Citadel: (n) a fortress on high ground

How can you take the high ground without instinctively looking down on those beneath you?

It became an issue in the recent presidential campaign. Both candidates insisted they were taking the high ground, while simultaneously
using the concept to proclaim themselves superior.

Unfortunately, any insistence on superiority renders us weakened by the kryptonite of pride.

I need a citadel.

I need a place where I can climb a little higher in my consciousness–not to peer down at the infidel, but to have the chance to see things the way they are, and not the way they appear at ground zero.

My life requires a sweetness of morality, a gentleness of empathy and an awareness of my talent.

In order to mingle these factors, I must don the cloak of humility. For humility is not the absence of ability, but rather, the evidence of it without needing to overpower all comers.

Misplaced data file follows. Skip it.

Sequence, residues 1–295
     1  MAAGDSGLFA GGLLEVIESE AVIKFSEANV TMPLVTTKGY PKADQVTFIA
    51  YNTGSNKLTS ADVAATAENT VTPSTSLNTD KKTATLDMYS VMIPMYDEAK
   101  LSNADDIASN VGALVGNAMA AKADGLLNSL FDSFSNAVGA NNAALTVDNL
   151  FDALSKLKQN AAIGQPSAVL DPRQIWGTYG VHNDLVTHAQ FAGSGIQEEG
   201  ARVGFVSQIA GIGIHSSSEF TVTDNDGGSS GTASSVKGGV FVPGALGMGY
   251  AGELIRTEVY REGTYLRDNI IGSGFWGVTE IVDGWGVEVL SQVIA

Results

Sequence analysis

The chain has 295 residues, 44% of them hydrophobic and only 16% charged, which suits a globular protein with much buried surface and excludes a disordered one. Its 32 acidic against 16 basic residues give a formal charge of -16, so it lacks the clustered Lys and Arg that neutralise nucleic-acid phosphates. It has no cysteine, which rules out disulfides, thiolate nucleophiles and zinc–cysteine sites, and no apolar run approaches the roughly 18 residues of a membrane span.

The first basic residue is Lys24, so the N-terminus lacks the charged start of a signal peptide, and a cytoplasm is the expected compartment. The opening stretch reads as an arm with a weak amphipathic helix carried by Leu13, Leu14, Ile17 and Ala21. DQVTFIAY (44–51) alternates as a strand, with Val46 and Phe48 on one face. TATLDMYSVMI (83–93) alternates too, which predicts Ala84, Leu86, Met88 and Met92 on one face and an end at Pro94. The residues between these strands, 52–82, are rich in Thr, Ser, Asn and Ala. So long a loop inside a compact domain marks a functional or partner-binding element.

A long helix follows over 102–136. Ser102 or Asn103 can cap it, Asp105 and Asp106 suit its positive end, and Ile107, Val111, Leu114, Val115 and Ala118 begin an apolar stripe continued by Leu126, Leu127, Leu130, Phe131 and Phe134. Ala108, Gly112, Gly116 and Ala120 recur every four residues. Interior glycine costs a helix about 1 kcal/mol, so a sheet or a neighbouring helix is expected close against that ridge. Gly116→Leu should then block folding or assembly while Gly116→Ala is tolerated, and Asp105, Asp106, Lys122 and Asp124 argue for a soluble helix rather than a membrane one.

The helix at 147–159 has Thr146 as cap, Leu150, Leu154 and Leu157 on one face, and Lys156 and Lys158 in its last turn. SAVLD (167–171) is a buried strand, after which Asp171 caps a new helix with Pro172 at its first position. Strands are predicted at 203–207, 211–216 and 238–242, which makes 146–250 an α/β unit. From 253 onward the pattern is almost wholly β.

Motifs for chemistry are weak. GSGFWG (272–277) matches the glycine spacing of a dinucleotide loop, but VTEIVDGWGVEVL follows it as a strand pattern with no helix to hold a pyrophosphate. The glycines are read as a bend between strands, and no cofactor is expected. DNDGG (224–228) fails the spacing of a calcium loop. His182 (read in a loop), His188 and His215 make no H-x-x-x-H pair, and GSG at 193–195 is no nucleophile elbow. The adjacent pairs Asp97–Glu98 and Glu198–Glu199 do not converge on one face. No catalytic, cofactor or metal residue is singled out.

Yes–America should be a citadel.

Our faith should be a citadel.

My life should be a citadel: a piece of higher ground that does not insist on being worshipped because of its elevation, but instead, uses the bird’s eye to consider all the sparrows.


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Bumble: (v) to move or act in an awkward or confused manner.

Some things should be bumbling.

Yes, there is nothing wrong to bumble during certain events.

I think sex should be bumbling.

I think when we portray sex as a free-wielding, professional action done by two gymnasts, it loses its humanity, and also ceases to encourage the participants to talk to each other about how to make things better.

I think it’s alright to bumble over describing your achievements. This sense of over-confidence and “staring-the-devil-in-the-eye” defiance which is promoted in the business world just makes us look so much worse when we can’t back up our claims.

I think it’s good to bumble when you’ve done something stupid and in the process of apologizing, some tears of real repentance sprout, halting the flow of speech.

There is a charm to bumbling over answering something that you’re not completely sure is true, and cautioning those around you to check it out and confirm your accuracy.